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How to Survive the Holiday

Many people look forward to the "holiday season," the time between Halloween and New Year’s Day when we celebrate holidays and the end of the year with family and friends. Many holiday traditions include get-togethers over food and the exchange of presents. The number of social engagements and need to purchase holiday gifts often leaves people feeling overwhelmed and tired as we wrap up one year and enter a new one. While our to-do list may be a little longer this time of year, there are things we can do manage our schedule and have more fun and less stress. Here are four strategies for staying on top of the holiday season rush. Make a plan. Whether you're on top of your shopping and cooking or a perennial procrastinator, having a plan can make your task list more manageable during the holiday season. Write out a tentative schedule for gift buying, cooking, and other holiday preparation based on party invites and your celebration schedule. This can be a flexible plan that you review every week. If you are a "wait until the last minute" person, embrace it and plan for how you'll tackle last-minute shopping ahead of time. Writing down a list, checking to-do items off and reviewing as necessary will help make the busyness of the holiday season seem more manageable. Make priorities and say no. Since the holiday season is also known as the season of giving, people pleasing becomes even harder to avoid. There is nothing wrong with prioritizing event and responsibilities so that you are spending time on the events and gatherings that are most important to you. Declining invites or modifying your schedule to make time for extra demands can make a world of difference when trying to manage a busy holiday schedule. Remember the purpose. It's very easy to get caught up in the "tasks" of the holiday season and forget "the why." Many holidays and faith traditions that are celebrated at this time of year focus on themes of gratitude, togetherness, and community. Make sure that the "tasks" of the season align with your values and purpose for celebrating. Remembering the purpose can make your to-do list much more meaningful and enjoyable to complete. Considering the "reason for the season" can also provide a different perspective when you're around a tense family dinner table due to heating discussions about the goings-on of the world. Going about your day with a little more kindness in your heart will allow you to be a bit more forgiving of yourself and others. It is also a great time of year to reflect on successes of the past year and goals for the next. A little self-reflection can go a long way when trying to manage the stress of the holidays. Find time to give back. There are people in our community that find the holiday season a little more challenging. Difficulty could stem from a lack of resources, missing loved ones, or dealing with personal issues. Find a way to help a neighbor or your community this season. Volunteer at an organization that has a mission that speaks to you or check-in with a friend that seems a little down. Your support and kindness can change the course of someone's day.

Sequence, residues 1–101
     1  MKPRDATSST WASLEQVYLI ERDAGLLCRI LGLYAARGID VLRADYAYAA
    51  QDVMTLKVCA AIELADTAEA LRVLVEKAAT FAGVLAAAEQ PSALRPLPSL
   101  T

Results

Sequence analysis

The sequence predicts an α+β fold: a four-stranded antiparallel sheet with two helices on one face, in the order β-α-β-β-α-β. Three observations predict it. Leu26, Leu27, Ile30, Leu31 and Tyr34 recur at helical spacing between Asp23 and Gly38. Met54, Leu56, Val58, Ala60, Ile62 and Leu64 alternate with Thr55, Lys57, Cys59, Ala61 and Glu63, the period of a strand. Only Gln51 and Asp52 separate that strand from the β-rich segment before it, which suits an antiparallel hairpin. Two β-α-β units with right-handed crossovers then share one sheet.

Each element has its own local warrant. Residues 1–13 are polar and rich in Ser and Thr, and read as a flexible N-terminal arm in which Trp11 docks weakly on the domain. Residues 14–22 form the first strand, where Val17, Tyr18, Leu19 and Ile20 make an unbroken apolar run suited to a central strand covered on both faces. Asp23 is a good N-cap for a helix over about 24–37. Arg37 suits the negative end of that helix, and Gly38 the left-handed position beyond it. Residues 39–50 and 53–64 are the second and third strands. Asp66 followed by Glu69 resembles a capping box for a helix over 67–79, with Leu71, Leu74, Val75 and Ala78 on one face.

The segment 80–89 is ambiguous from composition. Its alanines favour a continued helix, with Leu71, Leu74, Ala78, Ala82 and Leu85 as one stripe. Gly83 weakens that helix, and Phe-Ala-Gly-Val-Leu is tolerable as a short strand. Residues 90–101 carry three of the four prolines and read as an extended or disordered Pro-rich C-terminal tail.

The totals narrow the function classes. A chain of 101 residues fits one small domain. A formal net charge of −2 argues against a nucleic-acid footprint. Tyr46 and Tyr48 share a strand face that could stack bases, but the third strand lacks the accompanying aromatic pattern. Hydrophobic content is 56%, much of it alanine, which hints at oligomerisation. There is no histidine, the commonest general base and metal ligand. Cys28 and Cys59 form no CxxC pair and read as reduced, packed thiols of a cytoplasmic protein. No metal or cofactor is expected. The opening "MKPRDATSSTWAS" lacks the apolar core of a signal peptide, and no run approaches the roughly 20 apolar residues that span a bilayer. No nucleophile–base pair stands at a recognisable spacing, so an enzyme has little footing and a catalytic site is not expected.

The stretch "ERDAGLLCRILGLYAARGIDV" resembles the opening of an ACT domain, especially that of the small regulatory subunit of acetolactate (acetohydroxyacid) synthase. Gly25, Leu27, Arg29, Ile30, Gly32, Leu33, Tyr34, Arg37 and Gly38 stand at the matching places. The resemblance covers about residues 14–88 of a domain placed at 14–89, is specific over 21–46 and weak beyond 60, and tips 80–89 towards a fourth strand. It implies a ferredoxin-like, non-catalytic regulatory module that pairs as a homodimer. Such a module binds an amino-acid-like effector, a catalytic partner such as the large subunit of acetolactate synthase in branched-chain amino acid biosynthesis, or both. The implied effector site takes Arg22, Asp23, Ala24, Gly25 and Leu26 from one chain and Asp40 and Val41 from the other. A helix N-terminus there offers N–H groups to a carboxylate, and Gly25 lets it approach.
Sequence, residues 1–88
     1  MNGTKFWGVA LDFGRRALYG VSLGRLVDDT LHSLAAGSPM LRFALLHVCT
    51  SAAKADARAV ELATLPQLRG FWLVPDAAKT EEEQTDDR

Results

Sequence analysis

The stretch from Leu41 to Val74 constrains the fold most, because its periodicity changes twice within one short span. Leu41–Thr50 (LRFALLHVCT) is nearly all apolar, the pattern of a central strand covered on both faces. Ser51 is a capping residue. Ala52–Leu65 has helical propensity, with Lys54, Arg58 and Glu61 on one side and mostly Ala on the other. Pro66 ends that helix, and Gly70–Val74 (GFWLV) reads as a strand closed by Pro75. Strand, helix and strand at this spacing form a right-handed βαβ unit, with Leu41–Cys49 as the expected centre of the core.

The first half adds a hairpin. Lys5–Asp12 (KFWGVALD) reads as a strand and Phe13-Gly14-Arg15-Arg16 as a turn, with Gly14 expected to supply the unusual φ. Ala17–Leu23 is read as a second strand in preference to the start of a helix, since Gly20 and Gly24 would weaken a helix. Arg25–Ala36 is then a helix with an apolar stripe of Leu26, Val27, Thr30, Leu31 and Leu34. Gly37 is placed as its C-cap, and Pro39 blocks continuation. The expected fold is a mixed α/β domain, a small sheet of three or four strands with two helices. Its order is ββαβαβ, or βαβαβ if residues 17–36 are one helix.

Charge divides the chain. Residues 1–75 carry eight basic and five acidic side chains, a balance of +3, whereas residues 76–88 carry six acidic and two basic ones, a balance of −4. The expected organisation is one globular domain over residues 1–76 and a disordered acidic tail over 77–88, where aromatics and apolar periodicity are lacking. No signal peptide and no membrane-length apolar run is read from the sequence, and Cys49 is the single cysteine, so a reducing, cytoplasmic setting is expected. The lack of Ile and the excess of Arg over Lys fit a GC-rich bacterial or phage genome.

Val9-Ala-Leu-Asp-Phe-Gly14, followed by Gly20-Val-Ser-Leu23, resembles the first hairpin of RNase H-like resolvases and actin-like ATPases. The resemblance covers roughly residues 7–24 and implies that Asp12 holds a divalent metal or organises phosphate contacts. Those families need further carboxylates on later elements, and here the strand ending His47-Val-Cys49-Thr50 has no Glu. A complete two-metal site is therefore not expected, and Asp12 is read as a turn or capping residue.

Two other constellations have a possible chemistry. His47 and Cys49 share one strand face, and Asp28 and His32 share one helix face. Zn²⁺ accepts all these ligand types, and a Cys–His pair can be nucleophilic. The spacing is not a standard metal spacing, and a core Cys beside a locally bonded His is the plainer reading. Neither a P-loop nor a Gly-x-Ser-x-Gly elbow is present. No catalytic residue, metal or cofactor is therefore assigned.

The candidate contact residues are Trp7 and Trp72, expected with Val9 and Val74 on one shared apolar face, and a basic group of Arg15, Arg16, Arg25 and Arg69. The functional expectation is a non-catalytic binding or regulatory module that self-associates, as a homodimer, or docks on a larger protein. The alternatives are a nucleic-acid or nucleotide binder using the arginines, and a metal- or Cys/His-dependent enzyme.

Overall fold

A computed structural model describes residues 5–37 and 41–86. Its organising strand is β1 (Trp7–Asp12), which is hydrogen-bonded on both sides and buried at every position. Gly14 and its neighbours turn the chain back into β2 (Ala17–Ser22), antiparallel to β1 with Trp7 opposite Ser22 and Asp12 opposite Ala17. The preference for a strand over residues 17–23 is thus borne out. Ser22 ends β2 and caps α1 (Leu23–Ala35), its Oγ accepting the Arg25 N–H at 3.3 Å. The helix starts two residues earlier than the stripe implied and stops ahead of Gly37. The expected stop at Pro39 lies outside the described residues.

Many people look forward to the “holiday season,” the time between Halloween and New Year’s Day when we celebrate holidays and the end of the year with family and friends. Many holiday traditions include get-togethers over food and the exchange of presents. The number of social engagements and need to purchase holiday gifts often leaves people feeling overwhelmed and tired as we wrap up one year and enter a new one. While our to-do list

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Creative Ways to Praise your Team

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10 Signs you Should Leave your Job

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